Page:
Designs

I cannot imagine ‘Les Presages’ without the original Andre Masson designs – the swirling backcloth of purple-blue against black, accentuated by red and green comets and stars; also, the vivid costumes (although the tunic-dresses for the Joffrey’s corps ladies seem a bit lighter, in color and texture, than those in photos reproduced in books of the 1930s, and even seen, fleetingly, in last year’s documentary film ‘Ballets Russes’).

The tall female “Action” in the 1st movement resembles a Greek Tanagra figure (as we later see in Jerome Robbins’ “Antique Epigraphs”). The lyrical couple (“Passion”) in the 2nd movement sport a short bright-red-and-beige tunic for her, and yellow leotard with red swirly symbol for him. In the 3rd section, Frivolity wears a short chiffon tunic in pistachio green and a white-feathered cap. The villain (“Fate”) wears a brownish patterned unitard that becomes green with the lights & sports a helmet of sorts. He could be brother of ABT’s Swan Lake ‘Swamp Thing/Von Rothbart’ or even a cousin to Death in ‘The Green Table.’

Just as important as the designs is the lighting which cleverly causes the backdrop & corps costumes to change colors and moods. This, too, is the 1933 original by Craig Miller – reproduced now by Kevin Dreyer.

Finally – The Dancing

The full forces of the Joffrey’s 49-member troupe (including Arpino Apprentices) populate the stage and do so magnificently. The ensemble is the true hero of the work, although many fine soloists were also on view during Saturday’s two performances. On the whole, I give the edge to the evening ‘crew’ – especially the lovely Victoria Jaiani and hero-perfect, tall Jonathan Drummar as the leading “Passion” couple, although Emily Patterson and Thomas Nicholas, in the afternoon, were mighty fine too.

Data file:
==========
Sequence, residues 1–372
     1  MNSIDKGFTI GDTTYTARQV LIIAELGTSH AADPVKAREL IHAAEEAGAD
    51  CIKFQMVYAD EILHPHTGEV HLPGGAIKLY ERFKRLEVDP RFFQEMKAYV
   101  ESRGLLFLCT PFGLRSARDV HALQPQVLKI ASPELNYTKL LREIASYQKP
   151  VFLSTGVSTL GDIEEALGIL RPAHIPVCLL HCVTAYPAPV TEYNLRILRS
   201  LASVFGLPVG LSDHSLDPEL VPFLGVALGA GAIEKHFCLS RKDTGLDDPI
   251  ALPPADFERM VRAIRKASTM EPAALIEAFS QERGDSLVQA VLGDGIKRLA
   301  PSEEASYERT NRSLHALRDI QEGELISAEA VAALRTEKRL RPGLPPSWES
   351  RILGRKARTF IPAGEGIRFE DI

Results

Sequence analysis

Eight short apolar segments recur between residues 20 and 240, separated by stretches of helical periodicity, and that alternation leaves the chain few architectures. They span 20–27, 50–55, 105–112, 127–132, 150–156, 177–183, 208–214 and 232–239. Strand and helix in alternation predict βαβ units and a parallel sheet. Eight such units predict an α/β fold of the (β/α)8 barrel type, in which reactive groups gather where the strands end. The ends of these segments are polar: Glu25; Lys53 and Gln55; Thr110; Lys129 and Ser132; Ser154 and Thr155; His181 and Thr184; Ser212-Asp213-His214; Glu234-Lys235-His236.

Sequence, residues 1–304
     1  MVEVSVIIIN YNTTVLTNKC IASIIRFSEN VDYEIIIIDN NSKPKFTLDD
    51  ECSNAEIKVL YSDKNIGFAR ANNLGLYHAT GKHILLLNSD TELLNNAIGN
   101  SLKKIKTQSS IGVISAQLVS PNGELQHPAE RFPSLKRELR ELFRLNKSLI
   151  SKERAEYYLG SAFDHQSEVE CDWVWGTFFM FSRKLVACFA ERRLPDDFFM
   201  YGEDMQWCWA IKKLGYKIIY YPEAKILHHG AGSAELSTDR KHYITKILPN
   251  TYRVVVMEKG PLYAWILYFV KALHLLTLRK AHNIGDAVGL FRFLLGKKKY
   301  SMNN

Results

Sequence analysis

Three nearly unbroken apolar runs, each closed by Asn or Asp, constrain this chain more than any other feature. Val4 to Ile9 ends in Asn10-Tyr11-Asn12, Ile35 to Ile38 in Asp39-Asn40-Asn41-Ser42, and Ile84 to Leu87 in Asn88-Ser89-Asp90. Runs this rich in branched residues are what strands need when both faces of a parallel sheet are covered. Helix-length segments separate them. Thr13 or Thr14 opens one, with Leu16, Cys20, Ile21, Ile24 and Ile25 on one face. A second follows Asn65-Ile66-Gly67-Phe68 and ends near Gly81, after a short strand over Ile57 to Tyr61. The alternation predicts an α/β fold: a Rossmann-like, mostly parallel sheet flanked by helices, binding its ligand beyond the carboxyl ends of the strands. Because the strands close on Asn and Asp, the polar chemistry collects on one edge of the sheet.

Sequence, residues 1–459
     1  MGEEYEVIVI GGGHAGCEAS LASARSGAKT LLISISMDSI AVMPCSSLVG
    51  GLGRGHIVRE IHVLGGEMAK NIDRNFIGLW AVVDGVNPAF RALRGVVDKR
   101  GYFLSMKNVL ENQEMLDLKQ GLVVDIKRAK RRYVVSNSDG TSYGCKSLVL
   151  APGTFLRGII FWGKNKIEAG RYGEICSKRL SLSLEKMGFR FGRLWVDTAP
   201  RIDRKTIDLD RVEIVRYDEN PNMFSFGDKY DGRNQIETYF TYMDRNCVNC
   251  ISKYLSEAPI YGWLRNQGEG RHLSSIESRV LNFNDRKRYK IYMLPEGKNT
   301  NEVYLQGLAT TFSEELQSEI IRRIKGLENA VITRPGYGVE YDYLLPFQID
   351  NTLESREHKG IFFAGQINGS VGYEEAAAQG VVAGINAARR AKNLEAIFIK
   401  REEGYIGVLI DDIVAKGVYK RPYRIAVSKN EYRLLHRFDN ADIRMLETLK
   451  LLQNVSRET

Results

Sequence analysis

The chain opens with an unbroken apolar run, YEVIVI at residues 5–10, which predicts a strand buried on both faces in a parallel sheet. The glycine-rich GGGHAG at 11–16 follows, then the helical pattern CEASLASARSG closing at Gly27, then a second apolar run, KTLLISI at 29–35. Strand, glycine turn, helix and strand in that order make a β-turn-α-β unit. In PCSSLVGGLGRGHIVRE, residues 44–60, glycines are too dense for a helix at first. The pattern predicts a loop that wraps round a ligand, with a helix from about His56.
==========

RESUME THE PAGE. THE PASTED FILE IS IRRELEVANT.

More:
In the evening, Allison Walsh’s Frivolity’s batterie and pirouettes were a bit cleaner than those of the pert Jennifer Goodman at matinee. Tall brunette Valerie Robin was a powerful “Action” in the evening – perhaps coming closest to the descriptions of Nina Verchinina in the 1933 original -- although I give the edge in 2007 to the matinee’s Maia Wilkins, a petite dancer whose arm and leg movements were crispest and most musical.

It’s hard to chose between either of the dancers portraying villainous “Fate” – Temur Suluashvili at the matinee is a bigger, menacing figure but John Gluckman, in the evening, had the higher jumps.

Calvin Kitten was his wonderful, high-flying self as the pirouetting, double-touring Temptation at the matinee while, in the evening, Mauro Villanueva, ‘cheated’ the landings of his tours a bit yet also left a favorable impression.

In Sum

It was a privilege and honor to have finally seen ‘Les Presages’ and to have seen it in the original designs, as performed by the Joffrey Ballet of Chicago. It makes we wish that, some day, the Joffrey Ballet or some other large troupe may be inspired to reconstruct other great symphonic ballets by Massine, such as ‘Choreartium’ (Brahms 4th Symphony), ‘Seventh Symphony’ (Beethoven) or ‘Rouge et Noir’ (Shostakovich 1st Symphony). It also makes me wish that the overly-conservative programmers at the Kennedy Center would have the courage to bring the Joffrey in an all-Massine program (Presages + Parade + any of a number of Massine treasures in its repertoire), rather than just the same-old (but nice) Nutcracker, every other year. How about it?